agatha renmants
Uncertainty looms for the remnants of Agatha
02:38 - Source: CNN
CNN  — 

As Wednesday marks the beginning of hurricane season, the tropics have seemed to get the memo as well.

The first real sign of something brewing has come to light and could impact portions of Florida as early as Thursday.

This is partially due to what’s left from Hurricane Agatha, which made landfall in western Mexico on Monday, with winds higher than 100 mph.

While Agatha has dissipated over Mexico, the moisture associated with the storm is still on the move.

It could become our first tropical depression or tropical storm of the 2022 Atlantic hurricane season.

We could soon see Alex

“This system is likely to become a tropical depression by the weekend as it moves northeastward into the northwestern Caribbean Sea, southeastern Gulf of Mexico, and crosses the Florida Peninsula,” the National Hurricane Center (NHC) said in its tropical weather outlook.

As of Wednesday morning, the NHC says there’s a 70% chance of tropical development with this system within the next 48 hours, and an 80% chance within the next five days.

The area shaded in red is what has the attention of forecasters at the NHC, for the potential for tropical development within the next few days.

This has the attention of forecasters across South Florida, as this area of disturbed weather moves in that direction.

“All eyes will turn to the Gulf of Mexico into the upcoming weekend as a developing area of low pressure moves northeastward towards the area,” said the National Weather Service (NWS) office in Miami.

While models aren’t quite lining up yet on exactly where this storm will go, parts of the Yucatan Peninsula, Cuba and South Florida will get increased moisture and rain from this system.

See if your area will be impacted

The European forecast model takes the system right over the Florida Peninsula Friday and Saturday.

The American forecast model has the storm taking more of a southerly route, over extreme South Florida and the Keys on Saturday and Sunday.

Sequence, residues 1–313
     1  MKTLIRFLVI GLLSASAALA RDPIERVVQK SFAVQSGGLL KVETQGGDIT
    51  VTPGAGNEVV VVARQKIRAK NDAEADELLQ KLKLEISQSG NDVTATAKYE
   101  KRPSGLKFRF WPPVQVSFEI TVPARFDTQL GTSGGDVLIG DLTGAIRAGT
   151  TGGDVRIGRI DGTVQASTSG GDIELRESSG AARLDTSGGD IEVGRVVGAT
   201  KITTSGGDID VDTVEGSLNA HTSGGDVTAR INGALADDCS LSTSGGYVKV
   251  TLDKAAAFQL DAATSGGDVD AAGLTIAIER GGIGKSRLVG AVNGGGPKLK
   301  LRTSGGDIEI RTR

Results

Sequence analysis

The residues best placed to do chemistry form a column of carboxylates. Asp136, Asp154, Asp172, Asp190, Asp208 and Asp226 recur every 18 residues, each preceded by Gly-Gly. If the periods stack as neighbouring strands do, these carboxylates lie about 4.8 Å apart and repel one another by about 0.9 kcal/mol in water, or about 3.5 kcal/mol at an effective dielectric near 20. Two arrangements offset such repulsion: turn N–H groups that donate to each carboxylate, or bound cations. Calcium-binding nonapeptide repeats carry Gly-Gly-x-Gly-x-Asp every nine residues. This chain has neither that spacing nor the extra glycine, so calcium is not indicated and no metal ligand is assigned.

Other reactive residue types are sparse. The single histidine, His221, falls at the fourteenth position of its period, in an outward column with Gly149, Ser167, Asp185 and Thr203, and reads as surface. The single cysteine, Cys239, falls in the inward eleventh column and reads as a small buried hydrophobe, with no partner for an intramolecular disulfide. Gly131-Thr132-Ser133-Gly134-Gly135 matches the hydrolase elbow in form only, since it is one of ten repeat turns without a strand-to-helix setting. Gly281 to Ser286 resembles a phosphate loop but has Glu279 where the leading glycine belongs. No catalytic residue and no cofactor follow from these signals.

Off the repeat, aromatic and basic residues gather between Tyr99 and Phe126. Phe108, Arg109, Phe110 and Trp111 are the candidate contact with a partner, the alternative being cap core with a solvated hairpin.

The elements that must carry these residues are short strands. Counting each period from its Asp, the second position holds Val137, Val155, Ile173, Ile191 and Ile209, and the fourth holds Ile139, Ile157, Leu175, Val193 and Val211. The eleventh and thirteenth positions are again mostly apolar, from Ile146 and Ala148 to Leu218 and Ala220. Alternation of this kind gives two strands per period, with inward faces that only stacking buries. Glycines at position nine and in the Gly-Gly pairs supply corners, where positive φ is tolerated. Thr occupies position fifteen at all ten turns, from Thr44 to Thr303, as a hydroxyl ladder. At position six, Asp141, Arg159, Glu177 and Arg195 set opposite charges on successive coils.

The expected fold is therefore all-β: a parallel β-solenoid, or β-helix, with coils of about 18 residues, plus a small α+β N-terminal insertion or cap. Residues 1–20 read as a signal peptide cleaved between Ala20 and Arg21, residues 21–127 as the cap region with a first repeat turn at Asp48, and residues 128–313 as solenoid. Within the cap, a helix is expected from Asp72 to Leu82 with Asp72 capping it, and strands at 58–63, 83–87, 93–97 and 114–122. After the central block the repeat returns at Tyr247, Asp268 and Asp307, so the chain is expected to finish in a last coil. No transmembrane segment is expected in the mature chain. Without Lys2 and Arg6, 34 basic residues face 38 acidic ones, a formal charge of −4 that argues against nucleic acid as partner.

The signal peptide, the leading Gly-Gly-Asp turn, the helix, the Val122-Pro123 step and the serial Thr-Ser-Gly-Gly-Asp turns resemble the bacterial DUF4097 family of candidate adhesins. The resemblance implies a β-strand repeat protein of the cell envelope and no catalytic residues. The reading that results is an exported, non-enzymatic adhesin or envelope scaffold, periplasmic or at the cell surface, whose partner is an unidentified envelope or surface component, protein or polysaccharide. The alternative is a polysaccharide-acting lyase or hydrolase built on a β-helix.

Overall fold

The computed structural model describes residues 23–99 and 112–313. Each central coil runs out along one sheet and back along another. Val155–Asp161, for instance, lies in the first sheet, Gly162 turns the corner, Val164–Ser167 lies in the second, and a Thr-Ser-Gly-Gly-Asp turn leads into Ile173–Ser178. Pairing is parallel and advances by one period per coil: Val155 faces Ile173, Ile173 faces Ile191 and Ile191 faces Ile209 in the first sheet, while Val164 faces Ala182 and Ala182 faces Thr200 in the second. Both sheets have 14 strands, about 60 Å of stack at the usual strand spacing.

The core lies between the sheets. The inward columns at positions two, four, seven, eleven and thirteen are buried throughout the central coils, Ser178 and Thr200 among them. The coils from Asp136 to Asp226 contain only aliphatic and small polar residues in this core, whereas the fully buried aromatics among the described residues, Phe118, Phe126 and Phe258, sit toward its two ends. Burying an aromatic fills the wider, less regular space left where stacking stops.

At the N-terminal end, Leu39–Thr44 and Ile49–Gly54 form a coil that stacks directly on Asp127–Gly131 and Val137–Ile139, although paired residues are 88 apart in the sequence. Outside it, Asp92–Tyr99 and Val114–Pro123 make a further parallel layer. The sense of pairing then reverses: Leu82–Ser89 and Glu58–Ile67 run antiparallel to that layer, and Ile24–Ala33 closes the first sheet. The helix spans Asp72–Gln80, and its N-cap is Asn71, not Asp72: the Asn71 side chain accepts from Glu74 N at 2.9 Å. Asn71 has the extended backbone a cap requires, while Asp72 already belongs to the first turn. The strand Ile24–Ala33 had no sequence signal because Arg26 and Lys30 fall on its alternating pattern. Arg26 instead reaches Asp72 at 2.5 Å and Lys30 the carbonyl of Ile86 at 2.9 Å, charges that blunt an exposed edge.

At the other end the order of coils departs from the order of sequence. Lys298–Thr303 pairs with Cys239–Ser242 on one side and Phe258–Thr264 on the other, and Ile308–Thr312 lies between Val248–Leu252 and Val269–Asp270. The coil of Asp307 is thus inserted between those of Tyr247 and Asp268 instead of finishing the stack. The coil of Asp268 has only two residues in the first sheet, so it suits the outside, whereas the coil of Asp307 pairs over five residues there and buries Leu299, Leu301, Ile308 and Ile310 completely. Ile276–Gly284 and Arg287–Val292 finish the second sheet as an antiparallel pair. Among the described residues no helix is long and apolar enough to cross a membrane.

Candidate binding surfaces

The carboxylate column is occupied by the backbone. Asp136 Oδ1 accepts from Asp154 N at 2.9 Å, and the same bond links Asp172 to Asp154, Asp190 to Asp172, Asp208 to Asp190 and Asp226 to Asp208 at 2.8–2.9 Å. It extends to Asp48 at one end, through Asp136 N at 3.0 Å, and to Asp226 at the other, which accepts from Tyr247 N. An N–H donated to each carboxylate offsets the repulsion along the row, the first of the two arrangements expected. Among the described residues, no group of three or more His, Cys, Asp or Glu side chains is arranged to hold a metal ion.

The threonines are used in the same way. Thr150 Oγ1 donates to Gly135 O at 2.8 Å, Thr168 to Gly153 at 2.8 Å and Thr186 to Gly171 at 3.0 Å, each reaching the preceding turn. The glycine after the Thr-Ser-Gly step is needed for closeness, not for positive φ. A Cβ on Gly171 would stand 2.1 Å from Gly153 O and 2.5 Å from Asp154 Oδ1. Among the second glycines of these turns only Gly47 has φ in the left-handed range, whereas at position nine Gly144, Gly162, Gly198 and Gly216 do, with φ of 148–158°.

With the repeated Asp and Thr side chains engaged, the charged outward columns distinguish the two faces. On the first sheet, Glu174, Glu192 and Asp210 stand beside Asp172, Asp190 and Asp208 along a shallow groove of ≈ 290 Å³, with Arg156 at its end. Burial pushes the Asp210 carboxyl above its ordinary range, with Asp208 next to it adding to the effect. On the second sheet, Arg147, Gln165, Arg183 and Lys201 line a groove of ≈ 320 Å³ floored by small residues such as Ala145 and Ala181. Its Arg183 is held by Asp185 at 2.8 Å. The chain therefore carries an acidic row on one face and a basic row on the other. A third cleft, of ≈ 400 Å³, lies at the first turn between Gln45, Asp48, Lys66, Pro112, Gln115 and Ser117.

Our high resolution forecast model shows it somewhere in-between.

“This will likely be an east-heavy system with most precipitation on the eastern half of the low,” said the NWS office in Miami. “This means the deep layer moisture and heavy rains can start across the area as early as Thursday night based on current model trends.”

Regardless of development or track, based on the current guidance the ample tropical moisture that this system will bring will increase the likelihood of rain across the Sunshine State for the end of the week through the weekend.

“With the potential for deep tropical moisture moving into the area, heavy rainfall during this time frame could lead to localized flooding across South Florida, especially in areas that have been saturated due to recent heavy rains,” said the NWS office in Miami.

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A slight risk of flooding is currently in place across extreme South Florida for Saturday, according to the Weather Prediction Center’s (WPC) excessive rainfall outlook.

Gusty winds also could be a threat, the WPC said.

If this becomes Alex, this will be the first storm of what’s expected to be a busy Atlantic hurricane season.

There’s also another area the NHC is watching 200 miles east of the Bahamas.

Development looks unlikely with this system and is moving away from land.

Forecasters warn of another above average hurricane season

Just last week, the National Oceanic and Atmospheric Administration (NOAA) issued its forecast for this hurricane season.

They are forecasting an above average year with 14 to 21 named storms, six to 10 hurricanes and three to six major hurricanes – of Category 3 strength or greater.

There are several contributing factors that play into a “busy” hurricane season.

“We are in an active period,” said NOAA Administrator Rick Spinrad. “There are certain ingredients that drive the intensity and the frequency of hurricanes.”

One is the existing La Niña conditions in the equatorial Pacific.

This phenomenon creates cooler-than-average ocean temperatures around the equator in the Pacific and results in weather impacts around the globe.

La Niña presents favorable conditions for hurricanes – in contrast to that of El Niño.

How to prepare for hurricane season